Editor’s Note: The DOE OIG Evaluation Report, “The Department’s Unclassified Cyber Security Program – 2012” is attached here. As was explained here, cybersecurity defects that could allow for manipulation/corruption of agency data undermine the organization’s ability to comply with the Data Quality Act’s pre-dissemination review requirements for public release of information. The DQA requirements have been held by the US Court of Appeals for the DC Circuit to be “binding.”
Below are two excepts from the OIG report,
Failure to report to OMB as required:
Although many of the sites reviewed tracked weaknesses at a local level, we found that 28 of 56 cyber security deficiencies identified during our FY 2011 evaluation were not reported in the Department’s POA&Ms maintained by the OCIO and were not reported to OMB, as required. In addition, POA&Ms did not contain all cyber security weaknesses identified in numerous security related Office of Inspector General and U.S. Government Accountability Office reports. The official responsible for consolidating and submitting all POA&Ms to OMB stated that while programs and sites were informed of the missing cyber security weaknesses, they were never added to the POA&Ms;”
On the need for effective continuous monitoring:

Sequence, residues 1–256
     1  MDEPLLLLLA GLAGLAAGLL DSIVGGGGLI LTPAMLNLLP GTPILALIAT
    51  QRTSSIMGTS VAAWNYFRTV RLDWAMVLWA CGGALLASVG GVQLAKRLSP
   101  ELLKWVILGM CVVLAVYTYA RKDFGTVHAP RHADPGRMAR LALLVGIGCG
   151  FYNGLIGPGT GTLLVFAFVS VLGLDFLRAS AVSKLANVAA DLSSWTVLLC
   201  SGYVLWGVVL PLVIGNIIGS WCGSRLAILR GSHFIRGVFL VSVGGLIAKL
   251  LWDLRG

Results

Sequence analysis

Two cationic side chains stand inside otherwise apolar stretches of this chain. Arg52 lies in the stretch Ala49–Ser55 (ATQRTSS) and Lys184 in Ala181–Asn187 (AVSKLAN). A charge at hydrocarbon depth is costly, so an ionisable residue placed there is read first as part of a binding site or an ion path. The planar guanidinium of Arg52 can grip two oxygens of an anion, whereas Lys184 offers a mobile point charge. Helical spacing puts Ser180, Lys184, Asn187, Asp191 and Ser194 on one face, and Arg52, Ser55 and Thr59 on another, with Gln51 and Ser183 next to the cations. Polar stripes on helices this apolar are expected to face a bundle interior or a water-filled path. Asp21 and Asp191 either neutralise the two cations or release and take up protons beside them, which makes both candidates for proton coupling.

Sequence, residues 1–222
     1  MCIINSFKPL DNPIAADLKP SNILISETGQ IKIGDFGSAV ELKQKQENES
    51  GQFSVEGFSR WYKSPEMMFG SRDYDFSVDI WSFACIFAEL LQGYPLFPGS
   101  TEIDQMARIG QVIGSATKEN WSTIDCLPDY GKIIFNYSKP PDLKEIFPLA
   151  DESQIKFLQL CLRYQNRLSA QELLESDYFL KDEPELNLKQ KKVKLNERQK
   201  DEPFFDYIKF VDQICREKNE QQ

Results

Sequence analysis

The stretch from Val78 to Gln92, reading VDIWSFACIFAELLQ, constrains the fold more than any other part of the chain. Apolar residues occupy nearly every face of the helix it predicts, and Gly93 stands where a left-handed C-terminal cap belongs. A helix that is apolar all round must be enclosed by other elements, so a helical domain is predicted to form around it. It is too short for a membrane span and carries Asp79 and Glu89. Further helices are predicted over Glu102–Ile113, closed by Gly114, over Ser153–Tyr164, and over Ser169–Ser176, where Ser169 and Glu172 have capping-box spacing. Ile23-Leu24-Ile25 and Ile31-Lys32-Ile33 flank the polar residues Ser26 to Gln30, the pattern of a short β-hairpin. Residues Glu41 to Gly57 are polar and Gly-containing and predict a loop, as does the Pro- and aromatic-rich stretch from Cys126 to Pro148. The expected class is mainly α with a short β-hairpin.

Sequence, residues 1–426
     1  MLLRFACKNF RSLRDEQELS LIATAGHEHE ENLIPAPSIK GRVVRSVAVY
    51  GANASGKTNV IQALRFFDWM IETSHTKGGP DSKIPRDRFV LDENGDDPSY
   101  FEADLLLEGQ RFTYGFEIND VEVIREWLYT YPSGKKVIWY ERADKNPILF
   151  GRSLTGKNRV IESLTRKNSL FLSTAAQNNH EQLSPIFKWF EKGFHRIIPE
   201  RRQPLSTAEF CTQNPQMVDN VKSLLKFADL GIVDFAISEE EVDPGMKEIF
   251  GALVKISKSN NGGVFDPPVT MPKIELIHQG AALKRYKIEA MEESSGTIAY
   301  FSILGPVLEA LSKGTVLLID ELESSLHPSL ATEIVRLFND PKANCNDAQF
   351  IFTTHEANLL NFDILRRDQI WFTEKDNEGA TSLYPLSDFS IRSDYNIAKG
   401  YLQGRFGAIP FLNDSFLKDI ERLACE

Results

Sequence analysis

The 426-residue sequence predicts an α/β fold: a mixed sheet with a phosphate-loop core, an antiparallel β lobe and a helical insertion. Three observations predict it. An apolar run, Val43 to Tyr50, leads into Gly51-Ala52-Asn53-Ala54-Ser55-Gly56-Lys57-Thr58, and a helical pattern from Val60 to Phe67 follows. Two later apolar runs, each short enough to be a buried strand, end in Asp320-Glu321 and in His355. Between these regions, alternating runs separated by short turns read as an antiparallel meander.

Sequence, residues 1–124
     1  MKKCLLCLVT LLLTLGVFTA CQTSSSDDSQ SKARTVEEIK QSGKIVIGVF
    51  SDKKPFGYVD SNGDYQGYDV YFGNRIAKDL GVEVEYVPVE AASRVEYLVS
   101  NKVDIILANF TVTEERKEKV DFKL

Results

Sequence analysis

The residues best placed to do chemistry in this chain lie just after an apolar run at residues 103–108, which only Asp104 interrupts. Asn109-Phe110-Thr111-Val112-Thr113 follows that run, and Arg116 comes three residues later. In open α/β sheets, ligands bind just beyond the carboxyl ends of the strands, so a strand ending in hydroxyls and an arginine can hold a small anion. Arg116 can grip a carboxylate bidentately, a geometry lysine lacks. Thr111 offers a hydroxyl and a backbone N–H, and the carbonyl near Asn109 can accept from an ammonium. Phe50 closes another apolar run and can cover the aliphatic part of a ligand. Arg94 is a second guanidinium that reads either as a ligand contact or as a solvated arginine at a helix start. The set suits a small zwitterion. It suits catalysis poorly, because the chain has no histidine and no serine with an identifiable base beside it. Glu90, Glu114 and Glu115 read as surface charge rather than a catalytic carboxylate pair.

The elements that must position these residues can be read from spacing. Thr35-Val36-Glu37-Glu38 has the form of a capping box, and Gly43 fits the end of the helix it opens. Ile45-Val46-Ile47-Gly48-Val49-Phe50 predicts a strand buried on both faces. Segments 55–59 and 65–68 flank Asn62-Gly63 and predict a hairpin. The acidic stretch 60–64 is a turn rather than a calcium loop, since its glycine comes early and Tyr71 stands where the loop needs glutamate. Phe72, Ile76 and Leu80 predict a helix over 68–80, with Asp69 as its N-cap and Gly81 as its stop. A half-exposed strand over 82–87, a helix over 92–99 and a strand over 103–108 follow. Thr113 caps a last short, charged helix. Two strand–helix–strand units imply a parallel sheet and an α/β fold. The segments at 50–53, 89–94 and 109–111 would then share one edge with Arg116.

The weaknesses identified occurred, in part, because Department elements had not ensured that cyber security requirements were fully developed and implemented. In addition, programs and sites had not always effectively monitored performance to ensure that appropriate controls were in place. For example, we noted Plans of Action and Milestones (POA&Ms) were not always effectively used to report, prioritize and track cyber security weaknesses through remediation. Specifically, POA&Ms excluded half of the findings identified during our prior year review and 39 percent of milestones had passed projected remediation dates, including many that were more than 1 year overdue. Without improvements to its unclassified cyber security program, including implementation of effective continuous monitoring practices and adopting processes to ensure security controls are in place and operating as intended, there is an increased risk of compromise and/or loss, modification and non-availability of the Department’s systems and the information. As such, we made several recommendations that, if fully implemented, should help the Department strengthen its unclassified cyber security program for protecting information systems and data.